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Income inequality rising faster in Canada than many of its peers

OTTAWA - A new study says Canada is rapidly catching up to the United States as a country divided between haves and have-nots.

OTTAWA - A new study says Canada is rapidly catching up to the United States as a country divided between haves and have-nots.


The
Conference Board says income inequality has been rising more in Canada
than in the United States since the mid-1990s, and faster than in many
peer countries.


In fact, the think-tank says Canada had the
fourth-largest increase in income disparity among a sample group of 17
advanced economies during the period.


Overall, income inequality rose in 10 of the countries sampled, rising fastest in Sweden, Finland and Denmark.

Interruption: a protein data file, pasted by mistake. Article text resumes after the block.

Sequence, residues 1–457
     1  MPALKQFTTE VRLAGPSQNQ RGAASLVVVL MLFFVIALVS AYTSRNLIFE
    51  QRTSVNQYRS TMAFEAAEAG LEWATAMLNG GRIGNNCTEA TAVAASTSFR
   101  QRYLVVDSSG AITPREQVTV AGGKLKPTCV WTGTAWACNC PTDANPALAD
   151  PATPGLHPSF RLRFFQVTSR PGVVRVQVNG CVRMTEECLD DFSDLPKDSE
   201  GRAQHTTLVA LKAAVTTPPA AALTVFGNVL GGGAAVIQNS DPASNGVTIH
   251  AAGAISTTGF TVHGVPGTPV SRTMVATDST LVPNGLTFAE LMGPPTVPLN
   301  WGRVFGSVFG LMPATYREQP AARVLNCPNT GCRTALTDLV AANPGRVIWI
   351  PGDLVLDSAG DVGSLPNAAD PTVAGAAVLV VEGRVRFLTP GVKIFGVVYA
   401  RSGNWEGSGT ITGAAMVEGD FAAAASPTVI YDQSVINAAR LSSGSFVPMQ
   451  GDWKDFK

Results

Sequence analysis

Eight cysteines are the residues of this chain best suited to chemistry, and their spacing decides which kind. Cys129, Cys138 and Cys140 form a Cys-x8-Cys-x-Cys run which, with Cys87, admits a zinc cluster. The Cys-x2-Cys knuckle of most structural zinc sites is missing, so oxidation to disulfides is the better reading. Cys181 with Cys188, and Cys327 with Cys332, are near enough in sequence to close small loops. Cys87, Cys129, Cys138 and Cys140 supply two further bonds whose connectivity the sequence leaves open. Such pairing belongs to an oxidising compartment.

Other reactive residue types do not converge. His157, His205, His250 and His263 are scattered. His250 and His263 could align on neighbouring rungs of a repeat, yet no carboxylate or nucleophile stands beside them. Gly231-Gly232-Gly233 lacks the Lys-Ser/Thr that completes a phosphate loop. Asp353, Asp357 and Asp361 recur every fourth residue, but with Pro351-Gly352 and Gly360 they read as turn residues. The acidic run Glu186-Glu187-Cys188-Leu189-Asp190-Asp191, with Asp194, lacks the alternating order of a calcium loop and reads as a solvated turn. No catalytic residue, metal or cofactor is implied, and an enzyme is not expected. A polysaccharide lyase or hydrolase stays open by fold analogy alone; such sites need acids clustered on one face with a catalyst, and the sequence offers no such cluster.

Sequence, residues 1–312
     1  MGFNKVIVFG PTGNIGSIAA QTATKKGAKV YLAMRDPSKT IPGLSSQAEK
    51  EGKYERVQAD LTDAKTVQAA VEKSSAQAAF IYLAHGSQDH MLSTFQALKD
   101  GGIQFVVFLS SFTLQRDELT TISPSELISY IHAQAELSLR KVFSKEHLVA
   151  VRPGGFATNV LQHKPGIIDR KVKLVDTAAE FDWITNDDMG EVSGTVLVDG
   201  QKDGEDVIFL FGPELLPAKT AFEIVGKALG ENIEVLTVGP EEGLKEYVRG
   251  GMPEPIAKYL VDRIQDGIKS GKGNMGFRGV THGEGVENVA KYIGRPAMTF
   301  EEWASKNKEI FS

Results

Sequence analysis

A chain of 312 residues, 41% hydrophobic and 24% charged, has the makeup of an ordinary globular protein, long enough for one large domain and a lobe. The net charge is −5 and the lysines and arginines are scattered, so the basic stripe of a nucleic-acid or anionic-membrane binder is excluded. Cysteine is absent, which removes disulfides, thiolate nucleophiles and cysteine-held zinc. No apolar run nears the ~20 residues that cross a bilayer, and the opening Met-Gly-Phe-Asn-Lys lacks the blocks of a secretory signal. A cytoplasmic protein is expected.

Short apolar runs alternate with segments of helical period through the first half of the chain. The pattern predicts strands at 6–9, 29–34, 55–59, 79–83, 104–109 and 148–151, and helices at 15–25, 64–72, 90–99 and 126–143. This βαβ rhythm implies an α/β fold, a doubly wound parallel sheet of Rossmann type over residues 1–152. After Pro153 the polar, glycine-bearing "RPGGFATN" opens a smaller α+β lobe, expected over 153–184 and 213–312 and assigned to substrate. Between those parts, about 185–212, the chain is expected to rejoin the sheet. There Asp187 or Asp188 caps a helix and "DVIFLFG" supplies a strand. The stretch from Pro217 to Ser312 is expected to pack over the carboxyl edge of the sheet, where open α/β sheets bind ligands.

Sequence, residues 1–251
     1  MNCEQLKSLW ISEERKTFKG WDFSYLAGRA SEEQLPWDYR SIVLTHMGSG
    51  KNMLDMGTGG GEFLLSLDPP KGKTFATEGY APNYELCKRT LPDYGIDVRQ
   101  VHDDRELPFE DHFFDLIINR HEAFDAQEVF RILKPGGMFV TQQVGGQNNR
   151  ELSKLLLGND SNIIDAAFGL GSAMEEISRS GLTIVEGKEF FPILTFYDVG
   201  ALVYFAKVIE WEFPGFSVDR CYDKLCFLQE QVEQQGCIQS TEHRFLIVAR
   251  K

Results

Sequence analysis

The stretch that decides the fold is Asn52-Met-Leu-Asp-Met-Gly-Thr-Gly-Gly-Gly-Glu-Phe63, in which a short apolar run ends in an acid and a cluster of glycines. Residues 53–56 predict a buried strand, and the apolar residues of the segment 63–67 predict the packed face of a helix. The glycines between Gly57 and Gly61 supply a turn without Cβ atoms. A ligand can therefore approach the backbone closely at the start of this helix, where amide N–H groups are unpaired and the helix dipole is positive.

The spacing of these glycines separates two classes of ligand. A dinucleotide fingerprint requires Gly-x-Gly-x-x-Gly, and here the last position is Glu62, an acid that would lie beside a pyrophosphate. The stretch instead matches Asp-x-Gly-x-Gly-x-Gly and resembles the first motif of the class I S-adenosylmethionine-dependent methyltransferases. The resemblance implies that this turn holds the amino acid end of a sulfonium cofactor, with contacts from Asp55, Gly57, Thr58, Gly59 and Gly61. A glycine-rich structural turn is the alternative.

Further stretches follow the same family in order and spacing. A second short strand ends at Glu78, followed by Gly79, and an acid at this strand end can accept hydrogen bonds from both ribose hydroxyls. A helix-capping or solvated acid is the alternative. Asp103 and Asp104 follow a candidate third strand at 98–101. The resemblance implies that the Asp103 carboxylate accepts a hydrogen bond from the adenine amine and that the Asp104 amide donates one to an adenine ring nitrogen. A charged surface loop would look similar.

Canada
was next. It's Gini index, a complicated formula which measures income
deviations away from a perfectly equal distribution, rose 9.2 per cent
to 0.320.


By contrast, the U.S. had the highest income inequality of the group with a Gini reading of 0.378.


The
Conference Board notes that Canada's index number put it in group of
countries considered to have a medium range of income inequality.


A reading above 0.4 would designate high levels of income inequality.


Overall, the Conference Board says income inequality has increased for 71 per cent of the world's population.